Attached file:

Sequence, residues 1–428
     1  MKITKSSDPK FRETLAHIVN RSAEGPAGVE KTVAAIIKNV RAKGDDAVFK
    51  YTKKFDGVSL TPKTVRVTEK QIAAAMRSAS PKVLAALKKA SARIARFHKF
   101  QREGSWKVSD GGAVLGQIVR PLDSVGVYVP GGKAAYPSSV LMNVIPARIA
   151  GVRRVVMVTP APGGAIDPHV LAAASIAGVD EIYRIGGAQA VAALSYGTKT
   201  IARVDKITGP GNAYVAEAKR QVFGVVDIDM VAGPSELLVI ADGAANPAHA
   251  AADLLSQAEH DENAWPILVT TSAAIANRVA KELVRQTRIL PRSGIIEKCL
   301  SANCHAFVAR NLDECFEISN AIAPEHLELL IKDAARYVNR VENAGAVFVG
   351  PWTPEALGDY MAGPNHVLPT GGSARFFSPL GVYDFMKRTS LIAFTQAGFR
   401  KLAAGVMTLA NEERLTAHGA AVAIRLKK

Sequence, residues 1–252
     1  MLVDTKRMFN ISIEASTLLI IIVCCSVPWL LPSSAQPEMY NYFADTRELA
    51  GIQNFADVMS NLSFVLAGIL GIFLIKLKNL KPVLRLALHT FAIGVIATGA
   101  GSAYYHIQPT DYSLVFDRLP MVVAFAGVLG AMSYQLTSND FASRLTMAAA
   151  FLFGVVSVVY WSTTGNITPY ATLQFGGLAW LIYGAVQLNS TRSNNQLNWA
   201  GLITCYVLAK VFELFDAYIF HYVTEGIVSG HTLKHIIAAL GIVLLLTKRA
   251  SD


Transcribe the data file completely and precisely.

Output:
Sequence, residues 1–428
     1  MKITKSSDPK FRETLAHIVN RSAEGPAGVE KTVAAIIKNV RAKGDDAVFK
    51  YTKKFDGVSL TPKTVRVTEK QIAAAMRSAS PKVLAALKKA SARIARFHKF
   101  QREGSWKVSD GGAVLGQIVR PLDSVGVYVP GGKAAYPSSV LMNVIPARIA
   151  GVRRVVMVTP APGGAIDPHV LAAASIAGVD EIYRIGGAQA VAALSYGTKT
   201  IARVDKITGP GNAYVAEAKR QVFGVVDIDM VAGPSELLVI ADGAANPAHA
   251  AADLLSQAEH DENAWPILVT TSAAIANRVA KELVRQTRIL PRSGIIEKCL
   301  SANCHAFVAR NLDECFEISN AIAPEHLELL IKDAARYVNR VENAGAVFVG
   351  PWTPEALGDY MAGPNHVLPT GGSARFFSPL GVYDFMKRTS LIAFTQAGFR
   401  KLAAGVMTLA NEERLTAHGA AVAIRLKK

Sequence, residues 1–252
     1  MLVDTKRMFN ISIEASTLLI IIVCCSVPWL LPSSAQPEMY NYFADTRELA
    51  GIQNFADVMS NLSFVLAGIL GIFLIKLKNL KPVLRLALHT FAIGVIATGA
   101  GSAYYHIQPT DYSLVFDRLP MVVAFAGVLG AMSYQLTSND FASRLTMAAA
   151  FLFGVVSVVY WSTTGNITPY ATLQFGGLAW LIYGAVQLNS TRSNNQLNWA
   201  GLITCYVLAK VFELFDAYIF HYVTEGIVSG HTLKHIIAAL GIVLLLTKRA
   251  SD